Nucleotide-binding proteins are often used as molecular switches to control the assembly or activity of macromolecular machines. Recent work has revealed that such molecular switches also regulate the spread of some mobile DNA elements. Bacteriophage Mu and the bacterial transposon Tn7 each use an ATP-dependent molecular switch to select a new site for insertion and to coordinate the assembly of the transposition machinery at that site. Strong parallels between these ATP-dependent transposition proteins and other well-characterized molecular switches, such as Ras and EF-Tu, have emerged. Copyright (C) 1998 Elsevier Science Ltd.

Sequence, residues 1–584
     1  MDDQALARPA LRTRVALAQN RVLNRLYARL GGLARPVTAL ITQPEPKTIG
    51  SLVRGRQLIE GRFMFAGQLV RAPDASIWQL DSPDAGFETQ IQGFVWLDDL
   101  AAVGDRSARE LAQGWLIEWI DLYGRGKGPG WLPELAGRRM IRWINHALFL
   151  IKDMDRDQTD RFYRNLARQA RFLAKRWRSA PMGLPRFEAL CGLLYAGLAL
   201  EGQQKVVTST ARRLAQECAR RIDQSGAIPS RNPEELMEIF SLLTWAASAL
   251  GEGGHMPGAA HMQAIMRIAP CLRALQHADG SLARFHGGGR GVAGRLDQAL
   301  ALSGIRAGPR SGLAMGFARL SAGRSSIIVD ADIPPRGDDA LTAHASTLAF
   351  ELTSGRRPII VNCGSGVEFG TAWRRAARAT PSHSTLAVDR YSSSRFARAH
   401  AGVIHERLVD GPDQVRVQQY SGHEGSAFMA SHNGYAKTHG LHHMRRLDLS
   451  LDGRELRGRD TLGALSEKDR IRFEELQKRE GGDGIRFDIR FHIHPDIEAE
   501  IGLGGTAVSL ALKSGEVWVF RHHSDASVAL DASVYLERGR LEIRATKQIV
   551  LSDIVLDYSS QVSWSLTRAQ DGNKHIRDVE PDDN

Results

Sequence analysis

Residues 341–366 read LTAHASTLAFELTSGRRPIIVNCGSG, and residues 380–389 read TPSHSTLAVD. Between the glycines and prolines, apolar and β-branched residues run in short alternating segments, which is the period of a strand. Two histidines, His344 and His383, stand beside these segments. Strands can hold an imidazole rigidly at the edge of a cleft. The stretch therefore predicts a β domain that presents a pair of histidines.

ASJC Scopus subject areas
- Molecular Biology